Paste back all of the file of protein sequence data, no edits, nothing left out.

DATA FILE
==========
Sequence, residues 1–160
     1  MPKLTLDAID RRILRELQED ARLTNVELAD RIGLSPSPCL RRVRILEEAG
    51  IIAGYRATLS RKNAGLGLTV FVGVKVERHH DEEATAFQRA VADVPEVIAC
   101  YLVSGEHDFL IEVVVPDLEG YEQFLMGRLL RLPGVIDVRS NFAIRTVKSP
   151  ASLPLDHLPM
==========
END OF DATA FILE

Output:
Sequence, residues 1–160
     1  MPKLTLDAID RRILRELQED ARLTNVELAD RIGLSPSPCL RRVRILEEAG
    51  IIAGYRATLS RKNAGLGLTV FVGVKVERHH DEEATAFQRA VADVPEVIAC
   101  YLVSGEHDFL IEVVVPDLEG YEQFLMGRLL RLPGVIDVRS NFAIRTVKSP
   151  ASLPLDHLPM